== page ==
Poor Oral Health Increases Risk of Liver Cancer
You’ve probably heard from your dentist that the mouth is the gateway to the body. Today, we find that more and more evidence that back this statement up.
Research has shown the relationship between oral health and other diseases including pancreatic cancer, heart diseases, diabetes and Alzheimer’s.
To add this growing list is a new study which suggests that poor oral health increases the risk of developing hepatocellular carcinoma, the most common type of liver cancer, to up to 75%.
Liver cancer is said to be the sixth bigger cancer killer in the EU, causing the death of almost 60,000 people per year.
The research from Queen’s University Belfast involved 469,628 participants in the UK. The researchers investigated the association between oral health conditions and the risk of a number of gastrointestinal cancers, including liver, colon, rectum and pancreatic cancer.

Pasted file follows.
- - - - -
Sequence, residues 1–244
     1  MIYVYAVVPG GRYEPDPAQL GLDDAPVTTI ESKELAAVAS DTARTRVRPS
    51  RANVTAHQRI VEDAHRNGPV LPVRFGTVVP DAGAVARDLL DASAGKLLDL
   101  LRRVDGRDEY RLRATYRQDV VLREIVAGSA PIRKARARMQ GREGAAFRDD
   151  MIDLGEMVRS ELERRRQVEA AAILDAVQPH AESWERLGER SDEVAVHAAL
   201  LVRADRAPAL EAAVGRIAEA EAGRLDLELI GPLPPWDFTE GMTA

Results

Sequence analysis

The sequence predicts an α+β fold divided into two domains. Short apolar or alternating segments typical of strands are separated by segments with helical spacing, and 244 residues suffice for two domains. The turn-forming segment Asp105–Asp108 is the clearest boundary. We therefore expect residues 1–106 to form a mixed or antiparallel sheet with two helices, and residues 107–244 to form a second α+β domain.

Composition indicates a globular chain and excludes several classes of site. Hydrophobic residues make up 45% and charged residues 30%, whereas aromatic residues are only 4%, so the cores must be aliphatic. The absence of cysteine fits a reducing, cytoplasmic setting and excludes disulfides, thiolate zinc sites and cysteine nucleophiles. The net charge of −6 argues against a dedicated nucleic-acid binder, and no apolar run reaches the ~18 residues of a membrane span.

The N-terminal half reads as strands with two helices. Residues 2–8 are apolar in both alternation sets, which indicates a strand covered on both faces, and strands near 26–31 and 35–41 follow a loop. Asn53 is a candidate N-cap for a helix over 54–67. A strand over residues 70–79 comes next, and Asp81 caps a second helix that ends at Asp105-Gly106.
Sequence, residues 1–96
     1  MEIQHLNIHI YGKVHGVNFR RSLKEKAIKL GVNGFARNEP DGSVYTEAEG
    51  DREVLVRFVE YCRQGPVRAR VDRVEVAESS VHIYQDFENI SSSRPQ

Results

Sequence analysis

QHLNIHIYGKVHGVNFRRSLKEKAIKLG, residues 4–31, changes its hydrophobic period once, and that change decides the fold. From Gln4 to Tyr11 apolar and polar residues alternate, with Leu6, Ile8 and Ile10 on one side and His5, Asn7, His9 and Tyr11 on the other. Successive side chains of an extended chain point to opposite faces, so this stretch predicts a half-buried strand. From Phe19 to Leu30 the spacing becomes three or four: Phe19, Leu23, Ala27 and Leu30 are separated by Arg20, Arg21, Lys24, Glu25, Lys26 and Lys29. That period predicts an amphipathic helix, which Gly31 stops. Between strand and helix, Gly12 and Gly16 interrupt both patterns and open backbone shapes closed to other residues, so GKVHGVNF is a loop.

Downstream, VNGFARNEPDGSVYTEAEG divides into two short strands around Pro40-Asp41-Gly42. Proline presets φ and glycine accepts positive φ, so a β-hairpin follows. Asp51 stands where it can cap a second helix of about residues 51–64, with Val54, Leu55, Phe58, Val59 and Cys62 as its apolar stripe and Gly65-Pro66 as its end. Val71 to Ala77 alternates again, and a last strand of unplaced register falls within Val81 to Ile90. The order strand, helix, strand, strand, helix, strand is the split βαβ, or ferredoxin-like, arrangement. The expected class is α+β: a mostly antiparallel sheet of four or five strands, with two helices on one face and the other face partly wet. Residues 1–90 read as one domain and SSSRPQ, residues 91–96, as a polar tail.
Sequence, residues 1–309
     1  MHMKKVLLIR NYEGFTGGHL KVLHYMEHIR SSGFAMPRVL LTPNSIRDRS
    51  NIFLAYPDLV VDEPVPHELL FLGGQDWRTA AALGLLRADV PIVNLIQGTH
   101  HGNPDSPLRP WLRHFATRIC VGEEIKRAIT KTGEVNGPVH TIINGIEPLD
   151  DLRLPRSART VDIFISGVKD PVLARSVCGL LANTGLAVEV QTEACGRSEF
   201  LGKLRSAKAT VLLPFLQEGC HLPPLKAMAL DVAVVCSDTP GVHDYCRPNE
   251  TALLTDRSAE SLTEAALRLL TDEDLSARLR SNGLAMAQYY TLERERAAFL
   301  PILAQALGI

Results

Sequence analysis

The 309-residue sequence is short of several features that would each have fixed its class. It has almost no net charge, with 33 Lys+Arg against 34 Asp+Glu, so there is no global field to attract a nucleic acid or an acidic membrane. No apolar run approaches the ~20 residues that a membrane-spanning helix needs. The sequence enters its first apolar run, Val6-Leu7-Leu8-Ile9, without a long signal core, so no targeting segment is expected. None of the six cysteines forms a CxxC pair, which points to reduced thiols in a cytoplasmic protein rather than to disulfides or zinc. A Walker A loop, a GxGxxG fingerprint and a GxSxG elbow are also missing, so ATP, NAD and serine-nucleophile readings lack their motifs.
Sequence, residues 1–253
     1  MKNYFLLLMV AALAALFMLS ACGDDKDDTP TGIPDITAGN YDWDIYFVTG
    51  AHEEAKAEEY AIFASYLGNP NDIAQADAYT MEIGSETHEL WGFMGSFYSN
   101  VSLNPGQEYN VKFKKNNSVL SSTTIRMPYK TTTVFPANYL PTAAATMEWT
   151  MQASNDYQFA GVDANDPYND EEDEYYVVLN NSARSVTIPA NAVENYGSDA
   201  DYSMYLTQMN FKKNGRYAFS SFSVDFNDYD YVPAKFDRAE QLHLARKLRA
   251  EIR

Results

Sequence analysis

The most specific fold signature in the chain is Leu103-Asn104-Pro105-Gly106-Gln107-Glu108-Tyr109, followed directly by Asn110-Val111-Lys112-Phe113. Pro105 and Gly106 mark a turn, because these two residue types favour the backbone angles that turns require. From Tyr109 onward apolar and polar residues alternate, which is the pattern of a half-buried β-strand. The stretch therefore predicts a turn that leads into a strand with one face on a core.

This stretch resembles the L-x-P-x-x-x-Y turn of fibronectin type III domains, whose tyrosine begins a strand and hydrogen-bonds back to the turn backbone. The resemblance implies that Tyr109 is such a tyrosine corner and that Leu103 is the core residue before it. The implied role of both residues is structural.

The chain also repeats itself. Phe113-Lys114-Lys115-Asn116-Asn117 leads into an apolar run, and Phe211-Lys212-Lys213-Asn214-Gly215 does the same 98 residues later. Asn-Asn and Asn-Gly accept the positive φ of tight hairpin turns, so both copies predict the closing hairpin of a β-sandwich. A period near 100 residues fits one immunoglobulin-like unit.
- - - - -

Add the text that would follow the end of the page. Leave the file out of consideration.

“There is inconsistent evidence on the association between poor oral health and specific types of gastrointestinal cancers, which is what our research aimed to examine,” said Dr, Haydée WT Jordão, lead author of the study.
“Whilst no significant associations were observed on the risk of the majority gastrointestinal cancers and poor oral health, a substantial link was found for hepatobiliary cancer.”
“When the liver is affected by diseases, such as hepatitis or cancer, its function will decline, and bacteria will survive for longer and therefore have the potential to cause more harm. One bacteria, Fusobacterium nucleatum, originates in the oral cavity but its role in liver cancer is unclear. Further studies investigating the microbiome and liver cancer are therefore warranted."
Simple ways to take care of your oral health
- Brush your teeth with a fluoride toothpaste twice a day.
- Floss your teeth once daily.
- Go for regular dental checkups and hygiene appointments every six months.
- Avoid alcohol and tobacco.
- Eat a nutritious diet.